The CFPB Takes Action Against Mortgage Insurer to End Illegal Kickbacks to Lenders
Republic Mortgage Insurance Corporation to Pay $100,000 Fine and Halt Illegal Activity
WASHINGTON, DC — The Consumer Financial Protection Bureau (CFPB) today took action against Republic Mortgage Insurance Corporation (RMIC), for allegedly paying illegal kickbacks to mortgage lenders in exchange for business. The CFPB filed a complaint and proposed consent order against RMIC to stop these practices, which have been prevalent for more than 10 years. The proposed order will require RMIC to pay a $100,000 penalty to the CFPB, and follows four similar actions announced earlier this year.
“Kickbacks for mortgage insurance referrals are illegal, and can drive up costs for consumers seeking to buy a home,” said CFPB Director Richard Cordray. “The order announced today will put an end to this practice and require RMIC to pay a $100,000 penalty for violating the law.”
In today’s filing, the CFPB alleges that RMIC violated federal consumer financial law by engaging in widespread kickback arrangements with lenders across the country. The CFPB believes that RMIC provided kickbacks to mortgage lenders by purchasing captive reinsurance that was essentially worthless but was designed to make a profit for the lenders. The kickbacks were in exchange for referrals of private mortgage insurance business from the lenders.
RMIC is currently under administrative supervision with the North Carolina Department of Insurance to help it resolve its outstanding insurance claim obligations through a court-approved corrective plan.
In accordance with the proposed settlement, RMIC has agreed to:
- End the practice: The proposed order would prevent the RMIC from engaging in this practice going forward. The proposed order prohibits RMIC from entering into any new captive mortgage reinsurance arrangements with affiliates of mortgage lenders, and from obtaining captive reinsurance on any new mortgages, for a period of ten years. As pre-existing reinsurance arrangements come to a close, RMIC will forfeit any right to the funds not directly related to collecting on reinsurance claims. The proposed order will also prohibit RMIC from paying illegal kickbacks or otherwise violating the Real Estate Settlement Procedures Act. Any violation of these prohibitions could result in additional fines.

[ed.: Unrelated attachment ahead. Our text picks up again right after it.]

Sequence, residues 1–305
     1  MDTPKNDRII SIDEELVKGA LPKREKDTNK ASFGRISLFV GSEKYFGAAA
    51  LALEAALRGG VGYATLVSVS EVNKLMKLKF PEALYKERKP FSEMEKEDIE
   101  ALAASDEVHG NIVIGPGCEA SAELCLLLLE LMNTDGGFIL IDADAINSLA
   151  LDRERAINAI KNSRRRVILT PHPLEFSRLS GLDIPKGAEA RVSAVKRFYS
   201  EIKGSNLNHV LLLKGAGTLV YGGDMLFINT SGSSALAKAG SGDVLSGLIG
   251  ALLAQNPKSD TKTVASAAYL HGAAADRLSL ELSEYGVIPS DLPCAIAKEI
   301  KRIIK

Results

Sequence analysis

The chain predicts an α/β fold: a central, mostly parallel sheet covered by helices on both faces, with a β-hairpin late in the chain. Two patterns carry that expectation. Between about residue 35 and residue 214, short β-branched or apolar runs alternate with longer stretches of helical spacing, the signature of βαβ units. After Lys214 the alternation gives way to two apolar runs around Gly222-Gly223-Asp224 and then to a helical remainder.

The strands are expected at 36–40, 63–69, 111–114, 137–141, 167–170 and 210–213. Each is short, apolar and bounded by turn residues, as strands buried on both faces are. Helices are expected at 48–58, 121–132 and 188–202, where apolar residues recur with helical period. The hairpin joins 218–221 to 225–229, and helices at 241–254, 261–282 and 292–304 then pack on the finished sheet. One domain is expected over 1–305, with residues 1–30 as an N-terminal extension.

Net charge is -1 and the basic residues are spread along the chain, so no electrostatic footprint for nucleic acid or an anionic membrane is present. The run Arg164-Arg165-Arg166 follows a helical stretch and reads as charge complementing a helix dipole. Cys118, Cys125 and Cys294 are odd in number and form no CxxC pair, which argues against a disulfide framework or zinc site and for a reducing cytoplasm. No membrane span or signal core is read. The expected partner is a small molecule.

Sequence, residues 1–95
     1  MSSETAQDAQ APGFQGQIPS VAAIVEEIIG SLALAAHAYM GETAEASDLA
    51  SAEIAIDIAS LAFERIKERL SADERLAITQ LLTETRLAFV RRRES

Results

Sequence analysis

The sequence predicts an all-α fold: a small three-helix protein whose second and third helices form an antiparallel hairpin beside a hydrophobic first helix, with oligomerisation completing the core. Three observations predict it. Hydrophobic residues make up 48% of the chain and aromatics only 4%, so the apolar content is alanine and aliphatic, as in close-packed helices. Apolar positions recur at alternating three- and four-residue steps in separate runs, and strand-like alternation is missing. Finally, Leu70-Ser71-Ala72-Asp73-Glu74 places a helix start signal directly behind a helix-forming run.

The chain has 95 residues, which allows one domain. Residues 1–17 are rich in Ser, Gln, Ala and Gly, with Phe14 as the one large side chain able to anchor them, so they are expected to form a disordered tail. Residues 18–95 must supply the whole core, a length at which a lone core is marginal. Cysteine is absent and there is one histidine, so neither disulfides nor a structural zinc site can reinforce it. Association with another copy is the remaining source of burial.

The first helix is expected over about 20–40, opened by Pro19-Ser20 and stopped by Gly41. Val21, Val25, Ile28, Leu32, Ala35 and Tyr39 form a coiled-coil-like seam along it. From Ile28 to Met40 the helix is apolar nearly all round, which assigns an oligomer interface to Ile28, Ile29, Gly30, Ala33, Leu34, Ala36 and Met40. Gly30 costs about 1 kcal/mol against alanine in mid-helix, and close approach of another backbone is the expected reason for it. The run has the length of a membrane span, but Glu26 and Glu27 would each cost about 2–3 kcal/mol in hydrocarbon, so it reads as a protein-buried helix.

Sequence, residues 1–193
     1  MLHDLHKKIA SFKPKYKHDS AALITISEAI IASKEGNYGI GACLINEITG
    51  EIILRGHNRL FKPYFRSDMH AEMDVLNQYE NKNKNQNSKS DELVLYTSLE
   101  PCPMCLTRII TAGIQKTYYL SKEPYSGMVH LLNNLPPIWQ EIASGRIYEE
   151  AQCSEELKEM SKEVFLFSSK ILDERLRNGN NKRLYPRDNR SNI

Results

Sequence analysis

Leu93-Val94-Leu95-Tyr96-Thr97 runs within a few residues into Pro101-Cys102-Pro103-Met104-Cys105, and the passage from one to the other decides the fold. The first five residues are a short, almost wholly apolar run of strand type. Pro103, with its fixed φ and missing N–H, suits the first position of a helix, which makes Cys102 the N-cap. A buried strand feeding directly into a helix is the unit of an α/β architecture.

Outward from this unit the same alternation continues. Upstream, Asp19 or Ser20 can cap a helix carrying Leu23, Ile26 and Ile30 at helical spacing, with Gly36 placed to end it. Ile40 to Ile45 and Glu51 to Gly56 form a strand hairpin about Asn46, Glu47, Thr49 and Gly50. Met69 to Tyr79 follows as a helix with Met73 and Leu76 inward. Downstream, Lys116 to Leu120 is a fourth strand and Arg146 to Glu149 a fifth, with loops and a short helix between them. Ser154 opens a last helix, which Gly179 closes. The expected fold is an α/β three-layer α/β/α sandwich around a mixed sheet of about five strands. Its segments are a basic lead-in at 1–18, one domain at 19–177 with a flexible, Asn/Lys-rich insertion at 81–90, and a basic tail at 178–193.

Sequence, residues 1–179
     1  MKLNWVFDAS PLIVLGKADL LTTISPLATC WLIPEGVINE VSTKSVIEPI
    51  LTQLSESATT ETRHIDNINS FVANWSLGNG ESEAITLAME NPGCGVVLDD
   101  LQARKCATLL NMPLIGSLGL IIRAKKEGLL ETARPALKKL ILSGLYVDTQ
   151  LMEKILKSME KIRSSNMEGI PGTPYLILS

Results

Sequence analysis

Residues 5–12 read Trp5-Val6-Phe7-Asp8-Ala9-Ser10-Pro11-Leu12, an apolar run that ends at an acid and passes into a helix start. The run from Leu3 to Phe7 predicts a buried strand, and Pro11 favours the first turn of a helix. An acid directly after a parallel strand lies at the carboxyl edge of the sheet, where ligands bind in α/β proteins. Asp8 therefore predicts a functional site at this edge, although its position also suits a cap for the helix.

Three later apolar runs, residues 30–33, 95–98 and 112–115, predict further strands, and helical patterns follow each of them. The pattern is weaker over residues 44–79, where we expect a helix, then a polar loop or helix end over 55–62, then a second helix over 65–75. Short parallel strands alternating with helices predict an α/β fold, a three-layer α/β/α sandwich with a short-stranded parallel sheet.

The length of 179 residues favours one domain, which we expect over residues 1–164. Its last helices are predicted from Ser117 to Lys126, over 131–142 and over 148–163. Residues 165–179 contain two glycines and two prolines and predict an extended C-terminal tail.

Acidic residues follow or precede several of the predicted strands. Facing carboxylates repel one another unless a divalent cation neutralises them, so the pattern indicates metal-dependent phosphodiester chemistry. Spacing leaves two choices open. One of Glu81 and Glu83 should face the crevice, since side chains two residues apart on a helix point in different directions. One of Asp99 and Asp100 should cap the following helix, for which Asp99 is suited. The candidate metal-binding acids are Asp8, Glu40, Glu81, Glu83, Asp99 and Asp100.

- Payment of $100,000 in penalties: The penalty amount reflects a number of factors, including that RMIC is currently under administrative supervision with the North Carolina Department of Insurance due to its inability to honor its payment obligations in full.
- Compliance monitoring and reporting: RMIC will be subject to monitoring by the CFPB and required to make reports to the CFPB in order to ensure their compliance with the provisions of the order.
The proposed Consent Order has been filed with the United States District Court for the Southern District of Florida court and will have the full force of law only when signed by the presiding judge. The Bureau files a complaint when it has reason to believe that the law has been or is being violated, and it appears to the Bureau that an enforcement action is in the public interest. The complaint is not a finding or ruling that the defendants have actually violated the law.
A copy of the order entered by the court is available at: https://files.consumerfinance.gov/f/201510_cfpb_consent-order_RMIC.pdf
The full text of the complaint is available at: https://files.consumerfinance.gov/f/201311_cfpb_complaint_RMIC.pdf
Updated on November 5, 2015 with revised consent order
The Consumer Financial Protection Bureau (CFPB) is a 21st century agency that helps consumer finance markets work by making rules more effective, by consistently and fairly enforcing those rules, and by empowering consumers to take more control over their economic lives. For more information, visit www.consumerfinance.gov.